These things can’t be beaten with a throwaway line or a joke. We associate being a “viva survivor” with a story that the viva is a trial by fire, the equivalent of a planned natural disaster that can’t be avoided. But the dictionary also defines survive as “manage to keep going in difficult circumstances” – not insurmountable, just difficult. Talking about all the aspects of research and being a researcher can be difficult. Answering tricky questions about your research can be difficult. But not impossible.

So reflecting on this today I have two requests:

  • If your viva is in the past: tell future PhDs what was difficult about your viva and prep, but be honest and talk about what you did to meet those difficulties. You survived!
  • If your viva is in the future: think about what challenges might come your way, but reflect on what difficult challenges you’ve already overcome. You can survive!

One positive story is not going to change the negative associations surrounding the PhD and the viva. But lots of them…

The Perfect Viva

What would a perfect viva look like?

No hard questions? Being told you had passed at the start? Friendly examiners? A one hour time limit?

Just like the perfect thesis, the perfect viva doesn’t exist. You have no way of knowing in advance what your examiners think or what they have planned for the viva. Most people will have a positive viva, but it’s not totally within their control. However, you can control how prepared you are for your viva. It’s totally up to you, what you do to get ready, what you read or write or think. So don’t focus on what perfect might look like: focus on what you can actually do.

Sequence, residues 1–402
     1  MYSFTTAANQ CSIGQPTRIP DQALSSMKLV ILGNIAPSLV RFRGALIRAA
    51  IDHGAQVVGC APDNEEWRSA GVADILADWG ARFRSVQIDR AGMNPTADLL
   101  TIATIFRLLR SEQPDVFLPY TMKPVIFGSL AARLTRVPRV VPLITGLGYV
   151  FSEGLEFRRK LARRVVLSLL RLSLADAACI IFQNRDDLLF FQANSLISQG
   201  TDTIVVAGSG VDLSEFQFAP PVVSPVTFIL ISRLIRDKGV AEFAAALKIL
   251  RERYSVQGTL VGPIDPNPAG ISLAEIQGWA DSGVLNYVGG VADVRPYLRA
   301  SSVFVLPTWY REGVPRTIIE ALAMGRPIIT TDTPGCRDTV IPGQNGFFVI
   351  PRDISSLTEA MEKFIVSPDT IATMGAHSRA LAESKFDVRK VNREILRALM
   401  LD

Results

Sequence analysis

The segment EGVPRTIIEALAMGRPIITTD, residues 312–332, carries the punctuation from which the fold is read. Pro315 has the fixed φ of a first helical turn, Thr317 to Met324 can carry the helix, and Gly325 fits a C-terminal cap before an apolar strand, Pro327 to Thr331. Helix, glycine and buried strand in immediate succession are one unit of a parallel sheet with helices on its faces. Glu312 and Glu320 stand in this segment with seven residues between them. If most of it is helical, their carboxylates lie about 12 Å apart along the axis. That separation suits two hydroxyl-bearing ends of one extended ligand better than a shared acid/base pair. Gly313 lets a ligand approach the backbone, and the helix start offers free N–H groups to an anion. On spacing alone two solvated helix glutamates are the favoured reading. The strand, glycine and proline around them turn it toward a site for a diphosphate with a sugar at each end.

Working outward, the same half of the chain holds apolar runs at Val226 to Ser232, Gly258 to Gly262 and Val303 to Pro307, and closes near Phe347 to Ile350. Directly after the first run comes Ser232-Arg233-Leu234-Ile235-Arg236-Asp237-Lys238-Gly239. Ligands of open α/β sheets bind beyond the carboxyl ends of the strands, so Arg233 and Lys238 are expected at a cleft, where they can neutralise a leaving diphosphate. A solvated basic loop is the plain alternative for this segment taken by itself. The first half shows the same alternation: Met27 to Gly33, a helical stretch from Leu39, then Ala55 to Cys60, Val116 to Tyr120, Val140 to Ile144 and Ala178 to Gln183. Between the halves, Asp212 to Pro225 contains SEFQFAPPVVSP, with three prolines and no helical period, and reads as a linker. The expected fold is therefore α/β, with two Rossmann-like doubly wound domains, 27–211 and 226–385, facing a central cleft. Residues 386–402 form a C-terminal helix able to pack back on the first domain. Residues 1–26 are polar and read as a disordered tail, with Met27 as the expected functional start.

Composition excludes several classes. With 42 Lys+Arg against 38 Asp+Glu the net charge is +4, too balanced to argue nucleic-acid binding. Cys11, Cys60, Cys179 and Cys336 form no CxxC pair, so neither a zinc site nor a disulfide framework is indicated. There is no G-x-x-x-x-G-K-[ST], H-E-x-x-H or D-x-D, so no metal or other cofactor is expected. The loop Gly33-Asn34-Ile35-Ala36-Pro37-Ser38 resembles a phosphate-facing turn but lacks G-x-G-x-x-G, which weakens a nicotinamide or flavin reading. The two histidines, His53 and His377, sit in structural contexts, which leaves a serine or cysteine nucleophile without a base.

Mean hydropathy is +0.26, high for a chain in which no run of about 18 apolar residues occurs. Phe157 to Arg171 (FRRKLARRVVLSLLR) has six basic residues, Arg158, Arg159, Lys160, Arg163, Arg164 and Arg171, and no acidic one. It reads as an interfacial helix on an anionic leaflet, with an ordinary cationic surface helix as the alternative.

Seven

It’s a little over seven years since I started to help candidates prepare for their vivas. I thought it might be something interesting when I was asked to do a Viva Survivor workshop. I was still relatively new and exploring how I could help researchers. Over time I discovered that the viva was an intensely fascinating topic for me. I found something I was passionate about.

While I do have other projects and workshops, my main focus is finding ways to help people prepare for the viva. In the last six months or so I’ve made it my priority. I want to do more and do it better. I don’t know exactly where I’m going, I still feel that I’m in an exploring mode of thought. I don’t have a five year plan, or even a one year plan. I almost have a three month plan: more writing, more resources, more interviews and more workshops.

It doesn’t mean “more of the same” – and that’s one of the big things to realise about viva prep. It’s not just the same as “doing your PhD,” but it is doing more. Doing more with your thesis. Doing more with your skills. Doing more with what you know. Not the same, but more.

Like I said, I’m thinking about what more I can do to help people be ready for their viva. I don’t know where this work will take me, but I think it will be somewhere interesting, and I hope it helps people.

How about you? What more can you do to be prepared?

A Thought on Explaining

I keep folders of articles and posts that I’ve found interesting in the past. Every few weeks I pick a few out at random. Either I find something useful I need to remind myself of, or I decide that I’m not interested any more and discard it. It always helps give me a mental pick-me-up. I came across the following in this article on writing and it made me think about the viva:

You must constantly remind yourself that your reader is both smarter and less knowledgeable than you assume.

In the viva, you are the expert in your research. Your examiners have a lot of experience to draw on but less knowledge than you do about your thesis. They’re seeing the end result. They didn’t see it develop like you did. When answering their questions it’s useful to think about what else they need to know. From later in that same article comes another relevant line:

So, when next you sit down to write, let go of your assumptions and begin to intentionally design the experience you want your readers to have.

What experience do you want your examiners to have? What can you do to design that?